Swayback 3. Sway Back Posture
— Upper Body: Forward head; Long kyphosis of the Thoracic spine extends into lumbar region; Sunken chest; Shoulders, rounded forward and shoulder blade anchoring weak. Upper trunk shifted rearward.
— Lower Body: Pelvis tilts backward, causing flattening of the lumbar spine, but it doesn't appear flattened because the upper trunk shifts or sways to the rear. There is no body-wide forward tilt as in Flat Back. The shifting backwards of the upper trunk results in elongation and weakening of the External Oblique, an abdominal muscle, while upper fibers of the Internal Oblique, another abdominal muscle, are shortened and tight, to pull the rib cage back forward. Chest muscles (pectorals and intercostals) are short and tight. Hip Flexors, especially the Iliopsoas, are weak and can't oppose the pull of the short, tight Hamstrings, which tilt the pelvis backward.
Hips and Knees bend backwards in hyper-extension.

To Correct:
— For Upper Body: Fix the Shoulder Blade Exercise to improve forward head, pull shoulders back, strengthen shoulder blade anchoring, and free up neck motion. For tight chest muscles and upper abdominals, do Thumbs-Up and Bruegger Exercises, Wall Angels or Wall Standing Exercise, also Pectoralis Minor Stretch (note precautions), and frequently remind oneself to keep the chest lifted. Take some deep breaths during the day and notice how good it feels for the lungs to expand unimpeded when the chest is lifted.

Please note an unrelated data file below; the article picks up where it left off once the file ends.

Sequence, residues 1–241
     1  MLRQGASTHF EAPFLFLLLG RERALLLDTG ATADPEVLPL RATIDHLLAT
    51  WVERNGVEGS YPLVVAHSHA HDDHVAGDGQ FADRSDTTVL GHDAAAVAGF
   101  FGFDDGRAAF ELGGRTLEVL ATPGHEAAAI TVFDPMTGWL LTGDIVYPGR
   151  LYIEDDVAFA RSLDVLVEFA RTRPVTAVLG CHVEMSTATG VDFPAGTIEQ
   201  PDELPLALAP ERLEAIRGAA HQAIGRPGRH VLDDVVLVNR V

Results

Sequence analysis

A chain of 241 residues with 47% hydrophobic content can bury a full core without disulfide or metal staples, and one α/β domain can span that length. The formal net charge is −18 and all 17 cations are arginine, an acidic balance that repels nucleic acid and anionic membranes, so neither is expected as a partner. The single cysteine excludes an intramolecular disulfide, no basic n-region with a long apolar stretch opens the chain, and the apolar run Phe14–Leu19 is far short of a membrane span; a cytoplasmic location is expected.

— Lower Body: Loosen locked pelvis with hip extensor (Hamstring) stretches. Do Pelvic tilts to increase pelvic flexibility. Strengthen External Oblique with Wall Standing Exercises, and Alternate Leg Raises (no double leg lifting), which also strengthens weak hip flexors. Or do other hip flexor strengthening exercises.

— The Knees: Remind oneself frequently to relax the knees and avoid hyperextension, which worsens Postural Bowlegs---›


4. Postural Bowlegs is caused by internal rotation of the femurs toward the front of the hip. Thighs, knees and feet rotate inward toward the front center of the body. The feet seem to collapse slightly inward (pronation) as body weight is borne more on the inside of the sole of the foot. From Kendall et al.— "An apparent bowing.... results from a combination of medial rotation of the hip/femur, hyper-extension of the knee joint and pronation of the foot. Medial rotation of the thigh plus pronation of the foot do not result in bowing unless accompanied by hyperextension. ... Correction depends on use of appropriate shoe corrections [e.g. New Balance has athletic shoes with slanted heels designed for pronation-prone runners], exercises to correct pronation, exercises to strengthen hip lateral rotators and cooperation by the subject in avoiding a position of knee hyperextension."